A former detective for the state, who was the main investigator in West New York Mayor Felix Roque’s bribery case, began explaining what role he played in the matter.
“The steps that were taken particular to Dr. Roque included our analysis that came from the data on Rehan Zuberi’s phone, text messages and call logs,” began Anthony Correll, who worked as a detective for the state Division of Criminal Justice Medicaid Fraud Control Unit when Zuberi and Roque were indicted.
“We also sent out subpoenas to defendant Roque’s various banks so that we could analyze his bank records, which we began doing. We did not execute search warrants at his home or his office.”
Correll also discussed how Zuberi’s money laundering schemes worked, specifically defining the terms “structuring” and “smurfing.”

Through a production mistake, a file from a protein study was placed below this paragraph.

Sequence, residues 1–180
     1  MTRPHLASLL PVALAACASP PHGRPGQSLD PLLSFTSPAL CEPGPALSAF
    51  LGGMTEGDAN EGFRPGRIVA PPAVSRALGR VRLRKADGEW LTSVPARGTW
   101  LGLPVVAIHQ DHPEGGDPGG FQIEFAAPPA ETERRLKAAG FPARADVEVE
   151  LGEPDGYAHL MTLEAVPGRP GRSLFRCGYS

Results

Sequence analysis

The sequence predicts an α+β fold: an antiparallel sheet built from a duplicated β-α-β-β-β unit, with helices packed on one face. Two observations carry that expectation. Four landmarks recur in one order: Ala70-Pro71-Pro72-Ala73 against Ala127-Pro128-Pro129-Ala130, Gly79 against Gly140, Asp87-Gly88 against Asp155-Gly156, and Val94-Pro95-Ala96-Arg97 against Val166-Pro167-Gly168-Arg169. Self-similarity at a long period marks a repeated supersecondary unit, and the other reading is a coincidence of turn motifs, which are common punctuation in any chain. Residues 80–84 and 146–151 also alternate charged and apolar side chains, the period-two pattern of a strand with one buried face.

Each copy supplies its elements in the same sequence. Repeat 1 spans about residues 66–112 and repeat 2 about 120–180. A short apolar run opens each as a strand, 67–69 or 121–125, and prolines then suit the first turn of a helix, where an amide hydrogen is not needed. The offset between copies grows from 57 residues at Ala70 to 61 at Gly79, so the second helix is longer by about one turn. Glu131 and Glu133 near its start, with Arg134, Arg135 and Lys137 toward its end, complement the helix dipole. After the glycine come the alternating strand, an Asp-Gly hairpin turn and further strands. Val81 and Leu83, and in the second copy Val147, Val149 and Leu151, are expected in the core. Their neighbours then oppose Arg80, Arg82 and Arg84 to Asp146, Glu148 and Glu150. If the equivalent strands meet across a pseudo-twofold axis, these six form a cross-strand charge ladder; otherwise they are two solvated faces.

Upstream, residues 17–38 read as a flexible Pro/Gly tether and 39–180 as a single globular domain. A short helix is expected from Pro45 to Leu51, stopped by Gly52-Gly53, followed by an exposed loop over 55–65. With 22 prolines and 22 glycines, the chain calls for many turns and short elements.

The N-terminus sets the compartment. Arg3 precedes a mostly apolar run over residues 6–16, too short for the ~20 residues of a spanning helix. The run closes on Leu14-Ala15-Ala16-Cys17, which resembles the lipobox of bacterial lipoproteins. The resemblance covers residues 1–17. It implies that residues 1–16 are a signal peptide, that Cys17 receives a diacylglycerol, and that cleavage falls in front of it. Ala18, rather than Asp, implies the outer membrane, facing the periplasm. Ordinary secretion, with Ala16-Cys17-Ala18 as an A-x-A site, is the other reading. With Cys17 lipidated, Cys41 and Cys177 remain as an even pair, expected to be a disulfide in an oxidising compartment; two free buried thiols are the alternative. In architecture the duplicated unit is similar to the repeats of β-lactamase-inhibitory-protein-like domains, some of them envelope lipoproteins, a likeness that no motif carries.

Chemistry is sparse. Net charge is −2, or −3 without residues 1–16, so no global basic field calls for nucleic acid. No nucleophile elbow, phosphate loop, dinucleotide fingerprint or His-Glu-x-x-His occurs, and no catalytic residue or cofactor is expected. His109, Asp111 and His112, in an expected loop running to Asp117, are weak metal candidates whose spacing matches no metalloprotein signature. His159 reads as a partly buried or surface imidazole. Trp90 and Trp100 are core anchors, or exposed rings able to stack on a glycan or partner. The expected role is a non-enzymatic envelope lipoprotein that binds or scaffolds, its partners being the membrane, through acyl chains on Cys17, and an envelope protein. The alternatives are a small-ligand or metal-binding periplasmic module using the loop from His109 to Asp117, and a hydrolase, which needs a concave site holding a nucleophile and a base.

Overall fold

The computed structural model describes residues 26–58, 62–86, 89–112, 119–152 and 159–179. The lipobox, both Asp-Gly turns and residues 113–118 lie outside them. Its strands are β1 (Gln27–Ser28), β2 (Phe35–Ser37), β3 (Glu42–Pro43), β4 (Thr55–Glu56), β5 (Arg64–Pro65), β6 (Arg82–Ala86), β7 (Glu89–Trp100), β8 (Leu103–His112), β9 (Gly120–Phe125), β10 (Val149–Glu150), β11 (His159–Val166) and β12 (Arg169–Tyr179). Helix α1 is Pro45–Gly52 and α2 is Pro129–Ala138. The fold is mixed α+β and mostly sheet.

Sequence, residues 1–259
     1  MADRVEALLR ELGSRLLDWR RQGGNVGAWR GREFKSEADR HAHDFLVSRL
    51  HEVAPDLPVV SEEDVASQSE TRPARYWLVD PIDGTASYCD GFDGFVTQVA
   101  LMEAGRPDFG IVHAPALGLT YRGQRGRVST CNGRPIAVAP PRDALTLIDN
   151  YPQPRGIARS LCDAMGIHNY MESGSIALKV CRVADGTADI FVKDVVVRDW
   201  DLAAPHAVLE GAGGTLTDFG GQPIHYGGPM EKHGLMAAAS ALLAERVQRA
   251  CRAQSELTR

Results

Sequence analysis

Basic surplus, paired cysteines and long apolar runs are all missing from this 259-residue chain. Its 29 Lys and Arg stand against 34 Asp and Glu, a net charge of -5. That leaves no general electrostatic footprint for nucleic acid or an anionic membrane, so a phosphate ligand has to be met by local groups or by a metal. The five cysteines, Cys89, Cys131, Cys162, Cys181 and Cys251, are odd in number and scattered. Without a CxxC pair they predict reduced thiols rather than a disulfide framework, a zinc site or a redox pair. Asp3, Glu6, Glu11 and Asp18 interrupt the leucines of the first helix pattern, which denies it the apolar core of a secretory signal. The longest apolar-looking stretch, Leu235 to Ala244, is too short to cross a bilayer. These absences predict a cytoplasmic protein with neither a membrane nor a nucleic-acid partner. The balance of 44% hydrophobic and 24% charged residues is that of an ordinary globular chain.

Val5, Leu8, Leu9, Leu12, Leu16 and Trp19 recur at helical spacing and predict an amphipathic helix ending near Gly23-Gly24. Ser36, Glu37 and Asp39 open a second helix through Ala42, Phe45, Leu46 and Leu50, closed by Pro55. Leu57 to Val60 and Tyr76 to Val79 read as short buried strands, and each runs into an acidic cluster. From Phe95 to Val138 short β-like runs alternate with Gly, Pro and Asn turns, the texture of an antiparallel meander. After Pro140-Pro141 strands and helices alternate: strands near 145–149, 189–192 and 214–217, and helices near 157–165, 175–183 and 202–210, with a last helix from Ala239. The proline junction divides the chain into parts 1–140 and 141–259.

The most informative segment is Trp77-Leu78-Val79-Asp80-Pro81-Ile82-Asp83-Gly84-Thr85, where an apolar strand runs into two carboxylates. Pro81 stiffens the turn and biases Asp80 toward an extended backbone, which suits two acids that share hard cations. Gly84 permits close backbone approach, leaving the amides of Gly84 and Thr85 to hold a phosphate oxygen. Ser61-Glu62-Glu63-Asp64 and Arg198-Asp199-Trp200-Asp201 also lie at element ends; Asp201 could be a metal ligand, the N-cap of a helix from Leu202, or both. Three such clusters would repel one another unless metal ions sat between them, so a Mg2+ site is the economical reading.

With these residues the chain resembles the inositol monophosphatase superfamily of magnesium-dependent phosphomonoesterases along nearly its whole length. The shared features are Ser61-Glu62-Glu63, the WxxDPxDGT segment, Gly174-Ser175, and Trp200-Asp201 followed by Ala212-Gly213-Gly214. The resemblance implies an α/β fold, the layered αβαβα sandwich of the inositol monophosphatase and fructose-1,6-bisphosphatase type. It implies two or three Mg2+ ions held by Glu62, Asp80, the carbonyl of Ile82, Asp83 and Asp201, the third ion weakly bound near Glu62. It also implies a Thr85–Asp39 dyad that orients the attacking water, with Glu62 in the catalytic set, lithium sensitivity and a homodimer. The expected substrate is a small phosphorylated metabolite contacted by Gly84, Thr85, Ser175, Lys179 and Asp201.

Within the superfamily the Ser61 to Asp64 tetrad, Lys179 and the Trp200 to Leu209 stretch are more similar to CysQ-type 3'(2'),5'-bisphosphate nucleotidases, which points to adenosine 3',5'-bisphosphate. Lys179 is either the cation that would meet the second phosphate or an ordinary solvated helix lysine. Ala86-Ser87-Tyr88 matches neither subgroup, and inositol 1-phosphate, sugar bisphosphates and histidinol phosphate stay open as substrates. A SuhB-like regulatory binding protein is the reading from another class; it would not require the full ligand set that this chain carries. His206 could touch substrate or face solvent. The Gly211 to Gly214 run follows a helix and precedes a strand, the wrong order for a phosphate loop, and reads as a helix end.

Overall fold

“He [Zuberi] engaged in a variety of structuring acts, which is, the banks require, whenever there’s a cash transaction over $10,000 to make a note – it’s a currency transaction report – to detect money laundering,” he began.
“So structuring would be, and Ray engaged in this over and over during a long span of time, cash withdrawls under that $10,000 on a repeated basis.”
The example Correll, now a detective in the investigations bureau for the New Jersey Office of Homeland Security and Preparedness, would be for someone to withdraw $5,000 four times in a given week to avoid a currency transaction report being made.
Meanwhile, he described smurfing as an act where the boss of an entity has employees cash checks and return the money to him or her, so that they never actually ha to make a bank transaction.
The jury was excused around 3:20 p.m. as Judge Christopher Kazlau and counsel for both sides tried to reach an understanding about the scope of questions that would be appropriate for Correll, an expert witness.
Court resumes tomorrow at 9:00 a.m.